I know it feels like a bad case of déjà vu, but yes, OJ Simpson is in the news again.

This time around he’s made headlines for himself by being held without bail for allegedly robbing a man at gunpoint in Las Vegas. The victim, a collector of sports memorabilia, was accused by Simpson of hording some of the ex-NFL star’s collectables. Some of the goods OJ included were signed jerseys, footballs and the suit he wore the day he was acquitted of murder in 1995. Not included were tiny, black gloves. The entire confrontation was caught on tape and can be heard at TMZ.com.

Rather predictably, Simpson denies any wrongdoing. He claims instead that he was merely taking back his belongings. Whatever the case, the media is sure to be in a frenzy over the story. Meanwhile, those who believed OJ got off the hook for murdering his ex-wife Nicole Brown and her friend, Ron Goldman, can revel in the news of his probable incarceration. The Goldman and Brown families have got to be feeling especially jubilant.

One thing is clear: If OJ does end up in the slammer, it would be a true pity, seeing as he has become such a promising writer. I am referencing, of course, Simpson’s hot-off-the-shelf, feel-good book of the year, If I Did It: Confessions of the Killer. OK, so the book says the author is the Killer, not Simpson, the “If” is barely legible, and apparently a ghostwriter was involved, but who are we kidding? Originally titled the less matter-of-fact, If I Did It, the story was re-edited and published under its new title by the Goldman family, who acquired the rights to the book through a court ruling. For those who need their memories refreshed, this is the same Goldman family that was awarded $33.5 million dollars with the Brown family in 1997, when a Santa Monica civil court found Simpson liable for Goldman’s wrongful death. If that last line seems confusing, it should. OJ was acquitted in a criminal trial in 1995, only to be found guilty two years later in a civil case. I implore any legal experts out there to explain the logic behind this. But, alas, I have digressed.

Ignoring an otherwise long and complex back-story, the Goldmans have agreed to release the grimly detailed book, with its proceeds going towards the $33.5 million Simpson never gave the families. The economics of this decision notwithstanding, it disturbs me on many levels to know that this book is being published, let alone by the Goldmans. I’m not the only one who feels this way either. The Brown family is furious over the matter, and refused to go on “The Oprah Winfrey Show” with the Goldmans to promote the book. I applaud them for showing some decency and not giving in to the ever-dangerous lure of monetary gain.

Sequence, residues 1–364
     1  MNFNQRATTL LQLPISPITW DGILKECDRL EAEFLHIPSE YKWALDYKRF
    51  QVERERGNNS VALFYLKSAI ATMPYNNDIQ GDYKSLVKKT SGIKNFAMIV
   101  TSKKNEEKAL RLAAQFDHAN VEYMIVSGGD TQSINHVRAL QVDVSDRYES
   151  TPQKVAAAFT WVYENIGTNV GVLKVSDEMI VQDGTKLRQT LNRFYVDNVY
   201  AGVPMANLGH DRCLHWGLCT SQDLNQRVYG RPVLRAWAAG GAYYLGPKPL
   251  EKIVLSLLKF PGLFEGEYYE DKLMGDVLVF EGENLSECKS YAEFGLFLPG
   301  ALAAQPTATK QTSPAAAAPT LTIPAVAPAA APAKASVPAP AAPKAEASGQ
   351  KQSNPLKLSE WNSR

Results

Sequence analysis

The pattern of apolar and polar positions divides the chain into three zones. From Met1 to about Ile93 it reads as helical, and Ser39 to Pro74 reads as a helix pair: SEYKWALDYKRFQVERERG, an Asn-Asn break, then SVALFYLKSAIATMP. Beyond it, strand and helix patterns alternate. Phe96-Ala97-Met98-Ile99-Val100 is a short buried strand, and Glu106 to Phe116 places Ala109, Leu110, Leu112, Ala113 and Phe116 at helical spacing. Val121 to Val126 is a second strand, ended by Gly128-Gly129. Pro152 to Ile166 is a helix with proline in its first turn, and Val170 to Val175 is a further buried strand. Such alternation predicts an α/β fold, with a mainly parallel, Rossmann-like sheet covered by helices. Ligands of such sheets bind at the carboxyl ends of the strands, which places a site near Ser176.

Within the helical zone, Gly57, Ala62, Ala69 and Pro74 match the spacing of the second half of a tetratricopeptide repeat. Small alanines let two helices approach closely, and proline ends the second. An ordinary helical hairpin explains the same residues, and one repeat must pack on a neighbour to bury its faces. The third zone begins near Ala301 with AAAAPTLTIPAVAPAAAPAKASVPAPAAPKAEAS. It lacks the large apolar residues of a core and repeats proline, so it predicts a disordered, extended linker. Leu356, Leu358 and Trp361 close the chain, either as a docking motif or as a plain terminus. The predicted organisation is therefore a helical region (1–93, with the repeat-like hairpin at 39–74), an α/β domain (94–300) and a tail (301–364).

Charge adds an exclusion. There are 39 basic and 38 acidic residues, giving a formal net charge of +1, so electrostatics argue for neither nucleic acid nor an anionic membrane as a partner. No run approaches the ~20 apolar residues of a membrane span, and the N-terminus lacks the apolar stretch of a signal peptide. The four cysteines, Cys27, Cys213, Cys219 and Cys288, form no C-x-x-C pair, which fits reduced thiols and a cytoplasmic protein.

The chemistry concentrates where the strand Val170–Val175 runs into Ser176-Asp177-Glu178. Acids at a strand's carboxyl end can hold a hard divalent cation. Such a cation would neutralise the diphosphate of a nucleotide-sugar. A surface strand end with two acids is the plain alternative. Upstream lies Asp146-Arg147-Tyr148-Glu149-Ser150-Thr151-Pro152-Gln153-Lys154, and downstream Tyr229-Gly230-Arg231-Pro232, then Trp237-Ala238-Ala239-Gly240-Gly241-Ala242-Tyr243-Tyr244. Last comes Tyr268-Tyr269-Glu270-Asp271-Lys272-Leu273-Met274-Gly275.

The way I see it is like this. Do the Goldmans deserve to make back their money? Yes, but not through the immoral promotion of such a degenerate form of literature. Not only is its concept vile and disgusting, it also reopens the wounds the victims’ families suffered after Brown’s and Goldman’s lives were taken. Simpson might not be making a cent off the book, but I still cannot help but get the feeling that it makes him happy knowing how many copies have sold. And that thought makes me sick.

At first I hoped that, regardless of where the proceeds went, people wouldn’t actually want to buy this book. Sadly, one quick look on Amazon.com was all I needed to see how naive I was. As of writing this, it’s sitting at #2 on the site’s best sellers list. The pathetic truth is that the masses want to get inside the head of a killer or, as Fred Goldman, Ron’s father, has been quoted, see the “monster that [OJ] is.” Even if you look at this book as a confession, which is how the Goldmans, Simpson’s ghostwriter and much of the public view it, I still can’t see any legitimate reason to read it. Fine, he confessed. I did not need 254 pages to convince me that this guy is a guilty bastard. To even imagine reading a book about how a man would hypothetically kill someone you loved is almost comical it’s so ludicrous. And yet here it is, at #2. I’d keep pinching myself, but it’s starting to hurt.